Mandarin Oriental, New York is part of an exclusive new development on floors 35 to 54 of the Time Warner Center on Columbus Circle. It is a stunning blend of modern design and oriental flair in the heart of Manhattan. The Lobby Lounge has beautiful views of Central Park and the City skyline. It is a very expensive hotel; Rates from USD 479! You can always drink a cocktail in the Lobby Lounge. Just to get a feeling of this magnificent hotel.
Dress Code: Smart Casual
Located in the upper east side right near Central Park, the building coiling between the turn-of-the-century mansions on Fifth Avenue and designed by architect Frank Lloyd Wright is as famous as the art collection it houses - its shell-like facade has become a NYC landmark. In 1992, a new 10-storey tower increased the museum's space to include a sculpture gallery and a café.
The spiral ramp curves down and inward from the dome and passes works by major 19th and 20th century artists : a.o. Picasso, Modigliani, Manet, Matisse, Van Gogh, Cezanne, Kandinsky and Degas. There are also temporary exhibits, so not all of the collection is on display at any one time - check the web site for details.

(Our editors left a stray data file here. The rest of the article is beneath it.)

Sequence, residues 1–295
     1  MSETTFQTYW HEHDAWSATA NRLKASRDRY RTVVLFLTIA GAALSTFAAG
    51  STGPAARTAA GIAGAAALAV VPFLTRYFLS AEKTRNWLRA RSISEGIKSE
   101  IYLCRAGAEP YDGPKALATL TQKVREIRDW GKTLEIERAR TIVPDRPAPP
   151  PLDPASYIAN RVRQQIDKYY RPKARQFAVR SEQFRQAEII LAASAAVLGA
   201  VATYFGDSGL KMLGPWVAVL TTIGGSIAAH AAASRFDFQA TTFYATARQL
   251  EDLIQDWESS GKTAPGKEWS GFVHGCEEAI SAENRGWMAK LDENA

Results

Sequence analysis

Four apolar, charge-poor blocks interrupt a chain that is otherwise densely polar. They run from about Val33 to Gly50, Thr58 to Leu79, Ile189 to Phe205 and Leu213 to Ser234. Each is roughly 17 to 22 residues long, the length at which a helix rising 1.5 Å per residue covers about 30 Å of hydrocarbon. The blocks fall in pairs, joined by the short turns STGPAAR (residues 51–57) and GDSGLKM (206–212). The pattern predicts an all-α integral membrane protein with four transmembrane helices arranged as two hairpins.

Address : 1071 5th Ave at 89th St
Directions : take subway 4, 5 or 6 to 86th St
Opening hours : Sun-Wed : 9am-6pm; Fri-Sat9am-8pm
Admission : $ 12, students and seniors $ 7, children under 12 : free. Voluntary donation on Friday 6-8pm
note : the museum also has a downtown location in SoHo at 575 Broadway at Prince St. (Thu-Mon : 11am-6pm) - it features displays that complement those at the main museum.
Background: I make it a point to take a walking or cycling tour in every city I visit.
Critique: Big Onion Walking Tours offers the best walking tours on the planet. Period.